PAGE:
By Jim Bender
WINNIPEG – There is at least one Winnipeg Blue Bombers hopeful who should have a pretty secure future — whether he cracks the local CFL club’s roster or not.
Judge, salesman, photographer … Wait, did you say “judge?”
“Yeah, Judge Rocquemore, yeah, yeah,” middle linebacker Jontrell Rocquemore said with a smile during a Zoom media interview on July 18.
The 6-foot-1, 210-pound Utah State product went to the NFL Cleveland Browns rookie mini-camp in 2019, signed with the Bombers in 2020, then asked for his release after the COVID-19 pandemic hit. Rocquemore, 24, spent the interim preparing for his future.
“I will say the best and worst thing going through that COVID or going through that 2019 season was going back and forth,” he said. “Do I put my all into football or do I try to build my life? Luckily, I was blessed to do both. I actually went back to Utah State and got my Masters. I got my MBA (Business Administration).”
Rocquemore credited Utah judge Kevin Allen, who is now retired, for mentoring him. Allen invited Rocquemore to check out court and visit him in his chambers to ask questions afterwards.
“We sat down one day and had a great conversation just about the world and how things have changed and what kind of change I want to see in the world and one of my first thought processes was what can I give back, what can I do?” Rocquemore said. “Life changes. After I got MBA, it was kind of a wake-up call for me. It opened my eyes to the business side of things, specifically law. I love it, I love law, I love the justice side to it. I love helping people who don’t have voices who actually need that help. But there’s also multiple ways to do that. And with my MBA, there’s ways to build businesses and actually start giving back to the community. Just a wide range of things. At this point, I’m really open to opportunities – that’s why I’m here – open to growing and actually helping people out.”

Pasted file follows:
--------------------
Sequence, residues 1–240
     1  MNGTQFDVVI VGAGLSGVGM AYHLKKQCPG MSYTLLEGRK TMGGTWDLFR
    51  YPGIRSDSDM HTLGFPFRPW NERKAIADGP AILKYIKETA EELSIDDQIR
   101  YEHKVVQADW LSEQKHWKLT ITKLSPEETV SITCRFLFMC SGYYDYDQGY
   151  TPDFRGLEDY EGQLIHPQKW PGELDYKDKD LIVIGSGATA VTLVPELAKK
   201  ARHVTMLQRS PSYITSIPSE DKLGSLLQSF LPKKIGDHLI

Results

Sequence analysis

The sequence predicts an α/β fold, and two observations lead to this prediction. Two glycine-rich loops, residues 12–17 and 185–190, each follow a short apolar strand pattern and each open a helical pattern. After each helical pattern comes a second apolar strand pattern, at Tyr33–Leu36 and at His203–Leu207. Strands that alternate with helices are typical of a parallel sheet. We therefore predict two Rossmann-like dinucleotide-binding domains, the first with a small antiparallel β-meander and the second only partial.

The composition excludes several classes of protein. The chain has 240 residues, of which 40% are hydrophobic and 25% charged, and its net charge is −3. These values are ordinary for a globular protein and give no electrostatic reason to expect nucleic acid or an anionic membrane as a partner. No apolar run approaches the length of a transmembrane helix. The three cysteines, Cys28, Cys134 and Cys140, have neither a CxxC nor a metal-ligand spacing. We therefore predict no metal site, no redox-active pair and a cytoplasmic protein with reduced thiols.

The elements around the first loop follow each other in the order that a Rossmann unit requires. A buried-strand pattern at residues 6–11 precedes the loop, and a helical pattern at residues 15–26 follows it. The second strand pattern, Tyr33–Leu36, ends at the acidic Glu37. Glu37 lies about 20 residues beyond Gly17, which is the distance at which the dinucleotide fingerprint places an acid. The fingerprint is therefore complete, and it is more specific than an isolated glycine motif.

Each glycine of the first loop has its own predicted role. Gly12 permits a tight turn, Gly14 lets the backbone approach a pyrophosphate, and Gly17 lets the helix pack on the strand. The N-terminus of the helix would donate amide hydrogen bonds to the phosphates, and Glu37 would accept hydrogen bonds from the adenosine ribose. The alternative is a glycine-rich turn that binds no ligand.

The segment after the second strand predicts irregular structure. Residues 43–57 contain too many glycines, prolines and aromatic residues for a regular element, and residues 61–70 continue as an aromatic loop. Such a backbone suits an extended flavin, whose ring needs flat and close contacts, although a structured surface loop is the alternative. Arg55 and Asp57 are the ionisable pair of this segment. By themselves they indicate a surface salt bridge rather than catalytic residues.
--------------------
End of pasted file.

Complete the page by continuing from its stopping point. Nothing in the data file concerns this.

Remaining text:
While studying for his Masters, Rocquemore worked with student athletes to help pay his way. During the pandemic, he sold solar panels door-to-door to make ends meet. Then, Rocquemore became a photographer and started his own photography business.
But the most immediate goal is to become a professional football player.
“It is the love of the game that brought me back,” Rocquemore said. “Being able to find myself beyond the game has given me even more confidence on the field because I understand that the game is a game, I love it, but I’m also here for a different purpose.”
Bombers head coach Mike O’Shea is impressed by how players like Rocquemore have handled their lives without football.
“What we’ve heard about these guys is how resourceful they’ve been the last little while, making sure they can create new pathways for themselves if football’s not around, and look after their families,” he said. “It’s been very uplifting to hear the stories about what the guys have been doing, that just being one of them.”
A safety in college, Rocquemore has been transitioning to linebacker at training camp.
“I know my abilities and I’m confident in myself,” he said.
BIG CATCHER: At 6-foot-6, Bombers wide receiver Carlton Agudosi stands well above most DBs.
“Size is definitely an advantage if you work on your game,” he said. “People say, ‘If I had your height,’ but if you don’t work at your game, you’d just be tall and goofy. You have to work on it regardless. Practice makes perfect and it’s an advantage if you use it, just like anything in life.”
TOUGH GIG: Bombers DB Deatrick Nichols admitted the motion is the toughest part of adjusting to CFL rules. Bombers head coach Mike O’Shea sympathized.
“The defensive back spots, especially the inside positions when you’re facing the waggle, the toughest transition for any American to make, to come up and see all that motion and understand the width of the field and the depth of the routes and the route combinations and the nuances of the CFL passing game,” he added.